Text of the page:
A cautionary tale
I was reading a post over at Get On the Bus in which Scott talks about walking his 5- and 7-year-old daughters to school less than a mile away. He then fondly remembers walking to school by himself and contemplates this kind of freedom for his own kids (until his wife comments immediately, which was rather amusing).
Let me take you back over 30 years ago (how much over is none of your beeswax), when Ms. Cornelius was just a wee ape. Tiny, in fact, which just goes to show that from a tiny acorn a mighty (wide) oak can grow. Cornsilk hair, and a good wind could blow her over-- and since this was Oklahoma, that did happen on occasion. Mom was home with my younger brother and baby sister. So I walked home from kindergarten every day. It was through the neighborhood, after all, so what could be safer?
Until one day when it wasn't. The man pulled his car over just slightly ahead of me and got out. He asked me if I had seen his puppy, and asked if I would come with him-- he had candy-- to help him find it. I had stayed about 15 feet away from him, and to this day I still remember the T-shirt stretched over his gut, gray from being washed too much, the stubble, the thin greasy hair, the chinos. It was the middle of the day, I was three blocks from home, and I knew NO ONE on this street.
The house I was in front of had a chain link fence around the back yard. He took a step closer to me with his hand outstretched, and I ran for that fence. Cleared it in two steps and as I went over the top I caught the hem of my pantsleg on the tines on the top so I temporarily hung upside down on the other side. I could see my papers fluttering to the ground, and the man was running toward me. My hand hit the ground, and I kicked my trapped foot free and cartwheeled away from the fence. A dog next door started barking at the man and charging toward the gate. I ran to the back of the yard and climbed over into the next yard. When I looked back the man was gone.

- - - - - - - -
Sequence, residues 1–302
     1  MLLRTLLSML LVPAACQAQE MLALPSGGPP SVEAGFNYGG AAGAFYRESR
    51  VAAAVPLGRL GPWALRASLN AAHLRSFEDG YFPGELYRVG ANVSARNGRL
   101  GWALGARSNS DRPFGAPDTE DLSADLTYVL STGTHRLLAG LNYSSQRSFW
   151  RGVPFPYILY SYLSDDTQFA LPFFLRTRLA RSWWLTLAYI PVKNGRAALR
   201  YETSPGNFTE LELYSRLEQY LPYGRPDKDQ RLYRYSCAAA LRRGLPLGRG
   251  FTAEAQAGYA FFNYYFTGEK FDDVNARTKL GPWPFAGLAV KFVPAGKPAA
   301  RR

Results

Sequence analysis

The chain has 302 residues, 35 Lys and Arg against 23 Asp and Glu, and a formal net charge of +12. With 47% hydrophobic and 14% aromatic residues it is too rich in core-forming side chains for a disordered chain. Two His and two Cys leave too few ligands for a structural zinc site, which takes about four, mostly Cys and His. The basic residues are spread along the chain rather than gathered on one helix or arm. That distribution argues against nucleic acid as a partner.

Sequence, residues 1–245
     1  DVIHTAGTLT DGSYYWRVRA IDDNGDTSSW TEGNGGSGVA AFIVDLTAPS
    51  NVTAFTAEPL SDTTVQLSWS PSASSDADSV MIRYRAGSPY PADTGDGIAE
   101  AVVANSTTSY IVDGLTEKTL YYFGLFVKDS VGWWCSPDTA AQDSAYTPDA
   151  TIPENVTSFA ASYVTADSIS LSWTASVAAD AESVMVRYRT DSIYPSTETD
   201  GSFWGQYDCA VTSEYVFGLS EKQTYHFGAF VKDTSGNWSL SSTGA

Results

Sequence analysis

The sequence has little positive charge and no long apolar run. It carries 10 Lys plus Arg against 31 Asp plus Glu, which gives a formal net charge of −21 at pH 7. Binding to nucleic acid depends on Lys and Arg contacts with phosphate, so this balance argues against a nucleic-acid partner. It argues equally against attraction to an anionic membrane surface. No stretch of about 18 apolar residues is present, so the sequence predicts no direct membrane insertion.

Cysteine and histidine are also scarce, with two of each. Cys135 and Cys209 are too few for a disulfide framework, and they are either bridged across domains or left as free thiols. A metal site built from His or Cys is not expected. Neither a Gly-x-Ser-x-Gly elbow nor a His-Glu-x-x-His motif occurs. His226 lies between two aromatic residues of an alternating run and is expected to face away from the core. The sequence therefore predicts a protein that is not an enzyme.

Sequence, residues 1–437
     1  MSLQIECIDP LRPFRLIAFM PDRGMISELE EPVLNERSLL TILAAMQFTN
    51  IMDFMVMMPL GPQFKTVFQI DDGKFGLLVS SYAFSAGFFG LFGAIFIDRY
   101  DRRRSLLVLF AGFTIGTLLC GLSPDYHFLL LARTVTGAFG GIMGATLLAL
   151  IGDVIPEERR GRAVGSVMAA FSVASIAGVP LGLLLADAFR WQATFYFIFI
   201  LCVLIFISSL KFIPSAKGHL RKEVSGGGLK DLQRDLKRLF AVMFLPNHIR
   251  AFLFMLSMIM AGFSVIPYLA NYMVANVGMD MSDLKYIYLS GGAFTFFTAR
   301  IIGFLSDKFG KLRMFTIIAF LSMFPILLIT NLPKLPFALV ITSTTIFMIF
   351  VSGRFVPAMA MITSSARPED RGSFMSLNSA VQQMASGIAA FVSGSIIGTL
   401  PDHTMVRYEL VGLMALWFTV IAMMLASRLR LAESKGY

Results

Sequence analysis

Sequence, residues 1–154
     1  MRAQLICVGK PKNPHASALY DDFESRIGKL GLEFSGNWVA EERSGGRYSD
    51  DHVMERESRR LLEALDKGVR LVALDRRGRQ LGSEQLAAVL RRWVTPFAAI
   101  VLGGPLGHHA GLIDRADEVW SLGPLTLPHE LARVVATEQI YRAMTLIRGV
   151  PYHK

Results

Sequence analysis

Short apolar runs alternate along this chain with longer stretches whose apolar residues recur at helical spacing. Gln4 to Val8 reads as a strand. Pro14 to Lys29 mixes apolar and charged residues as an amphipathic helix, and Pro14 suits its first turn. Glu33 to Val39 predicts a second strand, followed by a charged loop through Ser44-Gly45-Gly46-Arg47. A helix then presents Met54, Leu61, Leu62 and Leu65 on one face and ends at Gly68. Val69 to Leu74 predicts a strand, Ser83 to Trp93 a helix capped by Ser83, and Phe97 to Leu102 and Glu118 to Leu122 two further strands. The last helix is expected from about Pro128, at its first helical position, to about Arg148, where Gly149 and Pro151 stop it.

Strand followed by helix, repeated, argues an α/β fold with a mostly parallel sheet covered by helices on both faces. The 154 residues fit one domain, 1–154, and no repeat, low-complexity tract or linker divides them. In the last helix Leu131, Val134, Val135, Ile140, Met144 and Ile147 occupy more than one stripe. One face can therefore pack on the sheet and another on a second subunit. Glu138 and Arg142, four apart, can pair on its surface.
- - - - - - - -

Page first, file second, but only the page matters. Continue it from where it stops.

I wanted my mama, and I wanted her BAD, so I decided to keep going. I ended up crossing two more streets and climbing through four more backyards until I got to my street, and then I ran down that until I got home, where I pounded on the door for what seemed like forever until my mom let me in. The police never found that man, and for weeks afterward, I would get scared when I heard a car pull up and stop outside our house, because I was afraid I had led him to my house.
I didn't walk to school again until we moved to east Tulsa a couple of years later, after the neighborhood started going a little more S.E. Hinton on us (particularly The Outsiders and That Was Then, This is Now).
And that was then, and this is now. It's not like molesters and creeps haven't been around forever. I am immensely glad that I was enough of a tomboy that I could climb those fences.
But I woudn't let my kids walk to school in my neighborhood, and it's much nicer than where we lived when I was in kindergarten. This experience did not turn me into a white-knuckle parent, but if the world had predators like that 30 years ago, you can't be too careful now.
And that's all I've got to say about that.